Before she could react, Belle found herself plummeting through the clouds. Hopeless, she closed her eyes, awaiting the embrace of the ground below.


What Belle met was not the cold, hard dirt, but something rather soft and fluffy. She opened her eyes to a massive brown bear, with oversized buttons as eyes and fur silken to the touch. She grinned from ear to ear.

“Major Bear-tholomew?!”

“I promised your niece, Erina, I’d keep you safe,” the Major replied with a wink. “You still have a battle to win, so you need to wake up, Belle. Belle. Belle!”

Belle opened her eyes to Zeke, already dressed in his uniform.

“Hey, come on,” Zeke said, “we’re approaching the Caruso.”

“I’ll be out in a sec. Thanks.” She glanced down and found the familiar stuffed bear in her embrace.

Zeke smiled. “I didn’t know you had a cute side.”


Zeke chuckled and stepped out.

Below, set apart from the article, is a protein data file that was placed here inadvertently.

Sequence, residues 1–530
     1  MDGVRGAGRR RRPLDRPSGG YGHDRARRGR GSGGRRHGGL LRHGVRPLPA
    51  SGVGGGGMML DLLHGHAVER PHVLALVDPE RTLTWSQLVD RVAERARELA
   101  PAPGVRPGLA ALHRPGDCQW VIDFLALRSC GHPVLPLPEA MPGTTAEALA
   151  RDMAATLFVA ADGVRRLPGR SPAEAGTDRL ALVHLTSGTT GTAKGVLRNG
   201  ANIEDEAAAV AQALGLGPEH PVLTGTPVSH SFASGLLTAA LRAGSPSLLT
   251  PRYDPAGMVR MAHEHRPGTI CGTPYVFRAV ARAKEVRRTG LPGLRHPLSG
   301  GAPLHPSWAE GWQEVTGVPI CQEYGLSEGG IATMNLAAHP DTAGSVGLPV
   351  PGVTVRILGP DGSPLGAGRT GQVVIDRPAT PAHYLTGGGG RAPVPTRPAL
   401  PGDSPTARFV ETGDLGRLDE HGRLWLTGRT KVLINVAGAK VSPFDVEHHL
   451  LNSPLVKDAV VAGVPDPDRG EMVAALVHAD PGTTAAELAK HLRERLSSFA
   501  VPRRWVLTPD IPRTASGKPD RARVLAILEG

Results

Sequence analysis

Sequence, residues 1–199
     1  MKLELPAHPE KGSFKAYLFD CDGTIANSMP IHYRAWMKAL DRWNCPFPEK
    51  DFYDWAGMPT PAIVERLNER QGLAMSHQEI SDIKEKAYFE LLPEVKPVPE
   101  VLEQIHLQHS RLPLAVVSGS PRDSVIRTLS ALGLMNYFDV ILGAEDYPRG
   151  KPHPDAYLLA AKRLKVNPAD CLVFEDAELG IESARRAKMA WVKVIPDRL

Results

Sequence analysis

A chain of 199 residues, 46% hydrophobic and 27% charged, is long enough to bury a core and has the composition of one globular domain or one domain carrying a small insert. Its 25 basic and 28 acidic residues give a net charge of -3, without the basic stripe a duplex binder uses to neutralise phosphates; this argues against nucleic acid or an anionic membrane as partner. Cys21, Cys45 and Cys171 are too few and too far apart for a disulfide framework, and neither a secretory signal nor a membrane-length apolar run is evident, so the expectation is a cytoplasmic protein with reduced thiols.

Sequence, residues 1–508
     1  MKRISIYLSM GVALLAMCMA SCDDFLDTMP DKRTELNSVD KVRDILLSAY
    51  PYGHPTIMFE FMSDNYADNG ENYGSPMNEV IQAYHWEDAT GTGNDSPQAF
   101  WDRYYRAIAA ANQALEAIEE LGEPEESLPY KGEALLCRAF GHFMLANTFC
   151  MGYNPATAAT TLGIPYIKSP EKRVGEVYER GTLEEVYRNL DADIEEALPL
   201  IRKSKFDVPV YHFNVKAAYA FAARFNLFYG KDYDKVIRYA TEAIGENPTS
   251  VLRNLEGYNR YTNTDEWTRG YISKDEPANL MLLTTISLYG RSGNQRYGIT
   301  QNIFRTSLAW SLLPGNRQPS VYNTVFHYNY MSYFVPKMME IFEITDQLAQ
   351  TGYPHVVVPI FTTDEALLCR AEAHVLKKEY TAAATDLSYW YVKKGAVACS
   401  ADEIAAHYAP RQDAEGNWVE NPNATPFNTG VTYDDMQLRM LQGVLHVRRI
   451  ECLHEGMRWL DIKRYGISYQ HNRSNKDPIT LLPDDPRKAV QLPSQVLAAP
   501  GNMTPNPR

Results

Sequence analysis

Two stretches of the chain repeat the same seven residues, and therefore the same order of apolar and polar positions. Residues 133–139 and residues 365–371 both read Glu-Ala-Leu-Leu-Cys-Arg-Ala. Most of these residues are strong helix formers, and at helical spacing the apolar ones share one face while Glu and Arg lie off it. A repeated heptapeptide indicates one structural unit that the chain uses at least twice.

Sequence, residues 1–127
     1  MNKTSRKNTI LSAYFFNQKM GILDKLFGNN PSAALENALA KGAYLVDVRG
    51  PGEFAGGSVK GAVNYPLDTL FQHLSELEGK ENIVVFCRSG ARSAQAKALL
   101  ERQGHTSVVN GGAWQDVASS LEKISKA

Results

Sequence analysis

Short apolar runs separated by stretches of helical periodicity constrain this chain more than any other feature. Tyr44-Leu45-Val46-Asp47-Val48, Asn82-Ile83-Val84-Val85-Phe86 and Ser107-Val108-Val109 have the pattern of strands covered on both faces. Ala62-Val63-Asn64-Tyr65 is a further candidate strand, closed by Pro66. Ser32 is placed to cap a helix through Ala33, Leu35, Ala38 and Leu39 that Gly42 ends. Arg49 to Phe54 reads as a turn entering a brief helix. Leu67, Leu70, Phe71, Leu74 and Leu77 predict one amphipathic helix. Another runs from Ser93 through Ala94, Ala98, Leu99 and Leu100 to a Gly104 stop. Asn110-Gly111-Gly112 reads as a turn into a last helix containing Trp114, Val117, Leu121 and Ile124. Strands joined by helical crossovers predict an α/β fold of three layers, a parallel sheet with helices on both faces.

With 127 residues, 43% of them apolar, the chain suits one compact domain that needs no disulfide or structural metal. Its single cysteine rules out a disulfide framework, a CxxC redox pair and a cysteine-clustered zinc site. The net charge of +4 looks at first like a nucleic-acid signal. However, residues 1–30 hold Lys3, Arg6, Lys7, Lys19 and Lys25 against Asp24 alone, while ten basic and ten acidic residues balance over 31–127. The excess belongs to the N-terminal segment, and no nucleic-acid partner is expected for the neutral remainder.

Sitting up, Belle gently placed the bear on her pillow. “Thanks, Erina,” she whispered, “and I’m counting on you, Major Bear-tholomew.”

Adrian Solorio
Adrian Solorio
1 year ago

Spear and Claw
By Adrian Solorio

Death approached. Anders could feel it. He shivered on his perch, an outcropping hidden above the cave, but otherwise did not move. Spear held tight, he waited. The moon rose and fell, and soon a pink band glowed on the horizon. Then, as if the Gods themselves were warning Anders away, a biting gale, swirling and snow-filled, screamed down the mountain. Death is certain this morning, it screeched—or so it seemed. Whether it was bear or man destined to die mattered not for Anders. His only concern was for the lives of his family.

Four days had passed since he had left the village. By then the plague had killed most everyone. His wife and son had begun showing the first signs of the sickness. Five days. He had five days before death took them. To save them, said the shamans, he would need the mythical pelt of the Great White Bear.